'The Elephant Man' opens on Broadway at the Booth Theatre

The Elephant Man is a play by Bernard Pomerance. The production's Broadway debut in 1979 at the Booth Theatre was produced by Richmond Crinkley and Nelle Nugent, and directed by Jack Hofsiss. The play closed after eight previews and 916 regular performances.

India's first satellite is launched

Aryabhata was India's first satellite, named after an Indian astronomer of the same name. It was launched by India from Kapustin Yar, a Russian rocket launch and development site in Astrakhan Oblast using a Kosmos-3M launch vehicle. It was built by the Indian Space Research Organisation.

'Don't Bother Me, I Can't Cope' opens on Broadway

Don't Bother Me, I Can't Cope is a musical revue with music, lyrics and book by Micki Grant. The restaged Broadway production, directed by Vinnette Carroll and choreographed by George Faison, opened at the Playhouse Theatre, where it ran for two months before transferring to the Edison. It had a total run of 1065 performances.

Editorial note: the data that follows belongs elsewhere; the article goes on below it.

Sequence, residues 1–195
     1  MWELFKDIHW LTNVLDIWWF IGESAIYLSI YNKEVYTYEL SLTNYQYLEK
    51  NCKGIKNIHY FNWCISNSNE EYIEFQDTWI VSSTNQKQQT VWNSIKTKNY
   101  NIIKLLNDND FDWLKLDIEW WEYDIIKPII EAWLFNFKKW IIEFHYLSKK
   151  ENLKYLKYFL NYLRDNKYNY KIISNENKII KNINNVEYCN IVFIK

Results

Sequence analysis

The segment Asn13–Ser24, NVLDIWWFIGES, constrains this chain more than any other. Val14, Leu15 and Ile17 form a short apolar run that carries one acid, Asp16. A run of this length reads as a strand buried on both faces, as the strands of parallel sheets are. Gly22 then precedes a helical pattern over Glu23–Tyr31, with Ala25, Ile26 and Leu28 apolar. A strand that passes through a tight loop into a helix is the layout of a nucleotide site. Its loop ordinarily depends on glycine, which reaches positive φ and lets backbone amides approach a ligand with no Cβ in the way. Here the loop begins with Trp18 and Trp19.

First space station

USSR launched the Salyut 1. It was the first space station from the successful Salyut program and the first space station ever. The first crew, carried to the space station by Soyuz 10 spaceship, was unable to dock. The second crew, from Soyuz 11, docked and stayed for 27 days. Unfortunately, the cosmonauts died during re-entry. Salyut 1 stayed on the orbit 175 days.


Bobbi Gibb is the first woman to have run the entire Boston Marathon

Roberta Louise "Bobbi" Gibb is recognized by the Boston Athletic Association as the pre-sanctioned era women’s winner in 1966, 1967, and 1968. Gibb’s run in 1966 challenged prevalent prejudices and misconceptions about women's athletic capabilities.

Electronics magazine publishes an article on the future of semiconductor components

Moore's law is the observation that the number of transistors in a dense integrated circuit doubles approximately every two years. The observation is named after Gordon Moore, the co-founder of Fairchild Semiconductor and Intel, whose 1965 paper described a doubling every year in the number of components per integrated circuit.